Amid the Hollywood actresses and hedge fund titans who were caught in the college cheating scandal, two healthcare professionals were also charged with using the services of Rick Singer, the mastermind behind this scheme to get children of the wealthy into elite colleges.
The first is Dr. Gregory Colburn, MD. He is a radiation oncologist in San Jose, CA. Graduating from UCLA, he has been in practice for over 20 years. He and his wife allegedly paid nearly $25,000 to have his son take an SAT exam with a corrupt proctor present to boost his score. When news came out, online reviewers quickly gave him one star. He is now being investigated by California's Medical Board and could have his medical license suspended.
The next medical professional's motive is a little more puzzling. Dr. Homayoun Zadeh was the director of periodontology at USC's School of Dentistry. He supposedly paid $55,000 to have his daughter recruited at USC as a lacrosse player, even though she doesn't play the sport. They reportedly had to refinance their house to make the payments. When word of his arrest became public, USC quickly fired him from the dental school.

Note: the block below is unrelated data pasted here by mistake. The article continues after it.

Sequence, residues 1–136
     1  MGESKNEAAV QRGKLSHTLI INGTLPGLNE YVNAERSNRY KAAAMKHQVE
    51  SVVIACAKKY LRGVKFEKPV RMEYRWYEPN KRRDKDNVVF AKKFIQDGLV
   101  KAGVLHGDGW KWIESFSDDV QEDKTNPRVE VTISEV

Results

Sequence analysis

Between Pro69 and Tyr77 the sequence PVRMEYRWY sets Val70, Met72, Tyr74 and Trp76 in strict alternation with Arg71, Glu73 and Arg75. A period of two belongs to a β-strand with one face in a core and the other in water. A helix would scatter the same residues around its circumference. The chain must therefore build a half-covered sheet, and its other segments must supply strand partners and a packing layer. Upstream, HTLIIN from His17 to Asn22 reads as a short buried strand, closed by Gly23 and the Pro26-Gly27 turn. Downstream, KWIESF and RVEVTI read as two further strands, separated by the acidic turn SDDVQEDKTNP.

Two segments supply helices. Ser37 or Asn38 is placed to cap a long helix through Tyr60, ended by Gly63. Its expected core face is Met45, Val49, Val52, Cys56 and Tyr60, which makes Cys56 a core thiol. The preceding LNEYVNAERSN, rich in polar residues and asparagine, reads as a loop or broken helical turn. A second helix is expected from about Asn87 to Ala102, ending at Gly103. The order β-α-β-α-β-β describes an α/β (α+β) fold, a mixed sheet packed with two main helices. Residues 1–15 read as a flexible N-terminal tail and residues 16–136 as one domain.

I just wonder why Dr. Zadeh felt he needed to cheat to get his daughter into USC. She should have a huge advantage over most USC's applicants since her father is a tenured professor at the university. Unless she's a really mediocre student, what made the parents think she needed that extra boost to get her in?
While this episode is truly embarrassing and sad, I can understand the angst these parents are facing to get their children into "elite" schools. My own kids are very shortly going to start applying to college. There is enormous pressure for them to go to top flight schools, mainly as a vanity project for the parents. I personally went to a state university and have done well professionally, but in good school districts with many upper middle class families, the social pressure to one up other parents for bragging rights can become toxic.
I feel worse for the children. Whether they were complicit or not, having their parents' names splashed in headlines across the country must be incredibly traumatizing and stigmatizing. Knowing their parents have lost their jobs and their reputations, it makes you wonder if it was worth it. In hindsight, it obviously isn't.